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Billionaire's Corruption Claims Ripple Through China's Communist Party

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Billionaire's Corruption Claims Ripple Through China's Communist Party

China's government censor warned in April there would be "serious consequences" for unauthorized media coverage of Guo Wengui, the billionaire real estate magnate living in the United States. His case is "highly politically sensitive," it stated.

There is a reason China's Communist Party is so concerned: A few days earlier Guo had accused high-ranking party members of corruption in a live interview with the Mandarin-language service of Voice of America (VOA), a US government-funded media outlet. The livestream, scheduled for three hours, was halted after 80 minutes. The video stopped just as Guo began discussing Wang Qishan, who heads China's internal corruption watchdog.

Five VOA employees were put on administrative leave thereafter, including Service Chief Sasha Gong. The decision to cut short the livestream was made before it began, VOA stated. It added there was no pressure to do so from the US government, and while China did pressure the organization, VOA said that did not influence its decision.

Wang Qishan (Getty Images)

Wang Qishan's role as chief corruption watchdog is considered second in power only to President Xi Jinping

Ex-spy chief on video

Bill Ide, a Beijing correspondent for VOA, was informed that the Guo interview was viewed as an interference in internal Chinese affairs and summoned by the Foreign Ministry, two VOA employees told The New York Times. The broadcast will reportedly play a role in visa extensions for VOA journalists.

A social media campaign against Guo is underway, including videos with Ma Jian, the former acting director of state security who was detained two years ago in a corruption investigation. In the videos, he speaks about a number of unseemly business dealings he helped Guo with.

China's foreign ministry said on April 20 that Interpol had issued a "red notice" for Guo. A "red notice" is an international alert for someone wanted for extradition. Guo, a member of Donald Trump's Mar-a-Lago Club in Florida, resides in the US, which does not have an extradition treaty with China.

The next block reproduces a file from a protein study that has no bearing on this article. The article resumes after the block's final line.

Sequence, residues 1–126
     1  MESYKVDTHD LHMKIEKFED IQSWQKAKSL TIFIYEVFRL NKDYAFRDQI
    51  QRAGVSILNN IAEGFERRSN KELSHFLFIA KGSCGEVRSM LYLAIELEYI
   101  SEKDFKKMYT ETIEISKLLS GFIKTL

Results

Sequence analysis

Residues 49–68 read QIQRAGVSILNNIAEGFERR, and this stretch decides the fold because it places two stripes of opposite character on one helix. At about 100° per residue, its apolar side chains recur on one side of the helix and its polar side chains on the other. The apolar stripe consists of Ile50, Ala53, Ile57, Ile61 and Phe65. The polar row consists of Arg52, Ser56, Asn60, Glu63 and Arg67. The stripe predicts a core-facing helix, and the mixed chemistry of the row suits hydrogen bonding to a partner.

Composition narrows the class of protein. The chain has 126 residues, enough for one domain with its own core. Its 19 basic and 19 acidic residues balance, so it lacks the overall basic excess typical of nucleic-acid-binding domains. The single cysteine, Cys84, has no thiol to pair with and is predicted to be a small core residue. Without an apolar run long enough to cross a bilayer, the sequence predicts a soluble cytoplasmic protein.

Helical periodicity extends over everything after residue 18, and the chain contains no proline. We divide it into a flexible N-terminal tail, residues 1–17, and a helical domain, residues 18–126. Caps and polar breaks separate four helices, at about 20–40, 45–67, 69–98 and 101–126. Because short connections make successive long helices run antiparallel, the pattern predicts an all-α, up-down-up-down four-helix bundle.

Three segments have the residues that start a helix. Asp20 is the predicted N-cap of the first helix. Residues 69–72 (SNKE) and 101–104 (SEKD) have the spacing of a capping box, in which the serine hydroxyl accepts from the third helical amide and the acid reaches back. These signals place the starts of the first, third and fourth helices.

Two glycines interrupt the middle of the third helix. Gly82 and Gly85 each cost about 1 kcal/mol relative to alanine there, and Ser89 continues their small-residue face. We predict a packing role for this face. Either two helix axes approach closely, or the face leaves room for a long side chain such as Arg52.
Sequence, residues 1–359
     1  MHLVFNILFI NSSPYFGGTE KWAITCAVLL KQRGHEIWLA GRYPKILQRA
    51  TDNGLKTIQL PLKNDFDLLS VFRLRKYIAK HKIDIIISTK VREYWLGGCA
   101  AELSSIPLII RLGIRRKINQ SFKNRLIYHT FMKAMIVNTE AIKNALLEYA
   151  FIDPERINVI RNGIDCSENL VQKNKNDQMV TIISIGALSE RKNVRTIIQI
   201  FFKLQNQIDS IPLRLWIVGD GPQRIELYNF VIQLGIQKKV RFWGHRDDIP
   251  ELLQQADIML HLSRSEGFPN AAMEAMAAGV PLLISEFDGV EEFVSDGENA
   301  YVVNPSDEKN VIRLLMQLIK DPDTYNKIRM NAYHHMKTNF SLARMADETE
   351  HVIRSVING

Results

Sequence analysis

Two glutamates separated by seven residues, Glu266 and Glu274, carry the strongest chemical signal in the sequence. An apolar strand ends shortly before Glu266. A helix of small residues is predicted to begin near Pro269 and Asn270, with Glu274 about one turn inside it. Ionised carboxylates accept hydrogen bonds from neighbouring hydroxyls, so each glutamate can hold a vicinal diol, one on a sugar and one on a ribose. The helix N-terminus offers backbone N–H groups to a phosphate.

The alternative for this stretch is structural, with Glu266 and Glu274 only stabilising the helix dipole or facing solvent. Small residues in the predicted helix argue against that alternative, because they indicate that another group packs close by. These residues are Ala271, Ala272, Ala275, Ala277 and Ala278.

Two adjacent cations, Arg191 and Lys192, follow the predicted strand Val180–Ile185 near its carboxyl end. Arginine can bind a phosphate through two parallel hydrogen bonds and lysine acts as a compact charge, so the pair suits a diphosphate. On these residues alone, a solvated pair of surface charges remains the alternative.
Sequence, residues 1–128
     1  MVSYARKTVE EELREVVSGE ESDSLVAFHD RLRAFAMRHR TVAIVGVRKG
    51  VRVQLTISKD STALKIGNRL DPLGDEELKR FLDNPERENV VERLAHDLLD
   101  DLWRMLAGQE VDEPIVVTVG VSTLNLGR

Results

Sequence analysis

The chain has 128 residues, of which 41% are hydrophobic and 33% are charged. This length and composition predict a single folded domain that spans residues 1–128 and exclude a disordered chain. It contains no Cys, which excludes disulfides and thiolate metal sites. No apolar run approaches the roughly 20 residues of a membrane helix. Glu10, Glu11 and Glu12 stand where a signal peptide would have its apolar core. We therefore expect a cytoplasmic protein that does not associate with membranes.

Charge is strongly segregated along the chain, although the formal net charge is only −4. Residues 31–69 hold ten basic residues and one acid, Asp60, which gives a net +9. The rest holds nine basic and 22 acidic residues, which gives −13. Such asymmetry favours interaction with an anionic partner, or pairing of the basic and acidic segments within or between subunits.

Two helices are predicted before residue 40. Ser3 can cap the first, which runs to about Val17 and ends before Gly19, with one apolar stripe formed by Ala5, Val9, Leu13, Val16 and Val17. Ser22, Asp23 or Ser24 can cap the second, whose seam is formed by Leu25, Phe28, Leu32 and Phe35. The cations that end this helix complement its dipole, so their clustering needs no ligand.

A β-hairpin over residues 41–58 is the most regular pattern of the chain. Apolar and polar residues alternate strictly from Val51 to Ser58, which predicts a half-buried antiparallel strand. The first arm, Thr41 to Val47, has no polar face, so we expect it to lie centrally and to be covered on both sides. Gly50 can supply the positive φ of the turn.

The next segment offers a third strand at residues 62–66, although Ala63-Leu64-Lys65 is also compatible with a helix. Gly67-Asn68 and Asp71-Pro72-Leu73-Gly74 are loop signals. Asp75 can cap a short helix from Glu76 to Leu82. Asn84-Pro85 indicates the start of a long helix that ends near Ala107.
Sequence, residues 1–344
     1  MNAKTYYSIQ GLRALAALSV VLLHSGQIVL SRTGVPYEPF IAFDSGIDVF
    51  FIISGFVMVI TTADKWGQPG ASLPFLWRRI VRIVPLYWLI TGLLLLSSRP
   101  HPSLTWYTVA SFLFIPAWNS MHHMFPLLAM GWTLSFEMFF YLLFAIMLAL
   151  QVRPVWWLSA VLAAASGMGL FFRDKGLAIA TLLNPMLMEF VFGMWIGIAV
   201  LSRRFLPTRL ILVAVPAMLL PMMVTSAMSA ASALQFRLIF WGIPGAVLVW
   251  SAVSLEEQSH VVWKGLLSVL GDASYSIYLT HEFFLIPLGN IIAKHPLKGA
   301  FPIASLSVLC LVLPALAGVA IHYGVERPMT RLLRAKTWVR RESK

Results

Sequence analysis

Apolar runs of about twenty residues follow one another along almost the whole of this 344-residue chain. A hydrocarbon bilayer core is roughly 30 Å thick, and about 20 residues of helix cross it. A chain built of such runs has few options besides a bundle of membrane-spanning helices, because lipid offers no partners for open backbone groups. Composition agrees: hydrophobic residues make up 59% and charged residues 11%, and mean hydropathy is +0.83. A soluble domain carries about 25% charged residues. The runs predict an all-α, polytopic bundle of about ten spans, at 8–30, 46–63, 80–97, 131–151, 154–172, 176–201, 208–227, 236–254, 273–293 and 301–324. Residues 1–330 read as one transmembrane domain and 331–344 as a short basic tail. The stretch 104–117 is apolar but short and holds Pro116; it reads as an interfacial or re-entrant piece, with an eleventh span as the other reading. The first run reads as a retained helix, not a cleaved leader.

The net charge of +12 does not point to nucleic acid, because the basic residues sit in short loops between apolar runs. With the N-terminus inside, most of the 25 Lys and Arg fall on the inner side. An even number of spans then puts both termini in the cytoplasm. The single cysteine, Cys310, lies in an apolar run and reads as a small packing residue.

Abduction in Hong Kong

Despite China's official designation as a socialist country "with a Chinese character," its economic opening starting more than 25 years ago has produced the most billionaires in the world. Real estate has been a particularly fruitful way to amass wealth, which is maintained with the help of political connections and protection. But it can be risky business: Billionaire Xiao Jianhua was abducted from his hotel in Hong Kong in January and returned to mainland China. The Canadian passport holder, who the New York Times reported in 2014 had business ties with relatives of President Xi Jinping, has not been heard from since.

Hongkong Milliardär und Geschäftsmann Xiao Jianhua (picture-alliance/dpa/Next Magazine)

Billionaire Xiao Jianhua was abducted from his hotel in Hong Kong and taken to mainland China in January

Dangerous political infighting

Information on powerful families is particularly valuable this year. The Communist Party will hold its quinquennial conference in the fall, during which new leadership will be chosen. Corruption accusations can serve as a useful tool for eliminating opposition vying for top posts. Guo's claims may wreak havoc on internal party politics, and there may be more to come: He has announced a press conference for June in New York. He has already compared the relationship between Chinese business people and politicians to prostitution.

Source: DW

By Pathay Singh on 05/18/17